Yeah, it isn’t as if the Cahiers crowd “discovered” that directors were the primary artists involved with a film, the directors role was noted, and even celebrated in criticism long before they came around. Arguably criticism before the auteur theory was even better balanced as the roles of other cast and crew members were given greater weight as the screenwriter’s contribution was mentioned more often. Of course they also had some pretty nifty screenwriters back then, so that also helped. Increased attention to the director was almost inevitable given the “need” to associate an artwork with an artist. To my way of thinking the more important aspect of auteurist thinking came from a sort of sleight of hand where the focus on the importance of the director as ’writer" of the films took some measure of emphasis off the films as narratives which opened the way for less reputable genres to be seen as being the works of “artists”, and if the film is the work of an artist, then the film can be, or even must be, art. So it allowed for films that may not have been considered art worthy to be looked at under a different light due to that shift in emphasis. For good and/or bad, it helped move film art from having to attend to “high art” concerns in order to be seen as worthy to covering a broader range of representations. This too was likely an inevitable outgrowth of other societal changes and pressures, but the role of auteurists in breaching that wall in film was a significant one as the body of work and techniques used from film to film were examined more thoroughly.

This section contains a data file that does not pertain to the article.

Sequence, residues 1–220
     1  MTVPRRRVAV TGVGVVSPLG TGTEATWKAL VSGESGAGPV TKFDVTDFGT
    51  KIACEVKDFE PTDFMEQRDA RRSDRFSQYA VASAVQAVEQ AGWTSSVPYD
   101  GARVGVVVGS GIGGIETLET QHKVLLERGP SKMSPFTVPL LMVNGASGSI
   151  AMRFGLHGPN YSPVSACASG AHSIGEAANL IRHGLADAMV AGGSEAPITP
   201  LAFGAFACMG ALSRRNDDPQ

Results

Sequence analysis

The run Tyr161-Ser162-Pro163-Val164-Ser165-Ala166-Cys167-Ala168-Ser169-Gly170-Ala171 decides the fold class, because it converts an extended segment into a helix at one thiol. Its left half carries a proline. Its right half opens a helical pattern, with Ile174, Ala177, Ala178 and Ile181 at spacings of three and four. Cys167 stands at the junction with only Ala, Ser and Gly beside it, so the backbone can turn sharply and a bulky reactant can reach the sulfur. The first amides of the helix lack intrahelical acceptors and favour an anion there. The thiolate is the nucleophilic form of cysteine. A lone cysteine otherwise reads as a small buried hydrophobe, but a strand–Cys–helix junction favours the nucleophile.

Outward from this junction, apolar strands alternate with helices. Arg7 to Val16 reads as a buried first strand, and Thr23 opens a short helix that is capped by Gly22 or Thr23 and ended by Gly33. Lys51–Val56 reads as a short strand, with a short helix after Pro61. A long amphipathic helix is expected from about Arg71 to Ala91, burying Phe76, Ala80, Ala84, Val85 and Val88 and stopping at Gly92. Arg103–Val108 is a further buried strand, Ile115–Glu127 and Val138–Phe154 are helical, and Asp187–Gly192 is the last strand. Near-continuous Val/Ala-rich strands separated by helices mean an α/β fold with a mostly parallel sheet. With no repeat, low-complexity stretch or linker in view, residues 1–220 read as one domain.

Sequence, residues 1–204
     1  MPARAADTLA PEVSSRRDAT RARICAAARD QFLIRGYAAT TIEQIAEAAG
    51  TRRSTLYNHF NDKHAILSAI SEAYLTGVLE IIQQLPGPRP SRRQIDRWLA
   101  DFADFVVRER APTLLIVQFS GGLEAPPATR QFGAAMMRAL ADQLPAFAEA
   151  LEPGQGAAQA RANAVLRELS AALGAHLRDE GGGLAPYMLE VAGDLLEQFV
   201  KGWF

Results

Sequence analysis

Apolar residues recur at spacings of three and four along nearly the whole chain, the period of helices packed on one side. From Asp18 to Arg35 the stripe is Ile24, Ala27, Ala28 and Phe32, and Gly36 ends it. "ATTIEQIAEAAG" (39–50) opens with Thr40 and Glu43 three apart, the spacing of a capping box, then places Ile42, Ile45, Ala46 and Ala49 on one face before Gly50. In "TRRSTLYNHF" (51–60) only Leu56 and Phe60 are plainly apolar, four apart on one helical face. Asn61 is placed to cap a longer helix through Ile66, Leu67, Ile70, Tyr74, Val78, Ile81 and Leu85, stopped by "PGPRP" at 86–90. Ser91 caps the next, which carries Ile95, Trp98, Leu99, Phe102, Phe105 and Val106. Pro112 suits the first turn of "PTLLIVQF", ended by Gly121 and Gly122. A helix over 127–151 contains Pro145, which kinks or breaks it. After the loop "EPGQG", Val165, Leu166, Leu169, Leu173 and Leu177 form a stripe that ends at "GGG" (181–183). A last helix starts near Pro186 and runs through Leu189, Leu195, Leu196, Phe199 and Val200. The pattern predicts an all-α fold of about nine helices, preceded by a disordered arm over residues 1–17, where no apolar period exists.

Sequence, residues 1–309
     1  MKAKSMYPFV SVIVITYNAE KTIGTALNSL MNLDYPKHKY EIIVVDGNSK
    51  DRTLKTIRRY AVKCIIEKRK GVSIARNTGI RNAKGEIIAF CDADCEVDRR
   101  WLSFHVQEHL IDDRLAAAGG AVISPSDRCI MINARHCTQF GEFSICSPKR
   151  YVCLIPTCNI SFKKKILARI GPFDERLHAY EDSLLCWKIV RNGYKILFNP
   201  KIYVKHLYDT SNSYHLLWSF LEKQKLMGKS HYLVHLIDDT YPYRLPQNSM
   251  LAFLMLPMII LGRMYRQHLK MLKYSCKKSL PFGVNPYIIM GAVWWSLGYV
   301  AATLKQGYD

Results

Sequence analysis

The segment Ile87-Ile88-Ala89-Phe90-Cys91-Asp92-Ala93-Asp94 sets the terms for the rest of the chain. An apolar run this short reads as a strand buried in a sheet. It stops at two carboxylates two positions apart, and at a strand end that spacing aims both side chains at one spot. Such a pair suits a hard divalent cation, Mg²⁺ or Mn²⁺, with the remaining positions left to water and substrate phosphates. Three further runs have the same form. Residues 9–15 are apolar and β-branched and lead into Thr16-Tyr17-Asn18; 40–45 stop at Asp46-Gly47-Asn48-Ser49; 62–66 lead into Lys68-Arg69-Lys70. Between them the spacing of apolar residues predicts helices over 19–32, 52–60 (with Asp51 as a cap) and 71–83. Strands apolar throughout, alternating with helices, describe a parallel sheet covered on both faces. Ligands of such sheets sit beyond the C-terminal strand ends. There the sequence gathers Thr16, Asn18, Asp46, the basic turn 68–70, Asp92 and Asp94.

Some of the problems with auteurist thinking is that it didn’t cover the different circumstances of the directors involved very well, and once the theory was established and became better known it became even less useful. In some ways it was simply a redundancy as the better directors often gained more freedom to make films in the manner they chose giving them more opportunity to assert some form of dominance over their work. The role of John Ford in the films he directed was of a different nature then Tourneur’s role often was in his films, so the ability of each to express some vision in film doesn’t compare particularly well even if one thinks of them both as being “auteurs”. A guy like Lewis Milestone started off his career auteury as all get out, but the conditions changed, as did the types of films he worked on, so his auteury aura faded as his career went on. Someone like John Cromwell, Bernard Vorhaus or Richard Wallace could exhibit flashes of excellence, but they didn’t get or take the same sort of free hand approach as someone like Hawks could do. The bigger “auteur” then was often the more financially successful filmmaker, which hardly needed reiteration.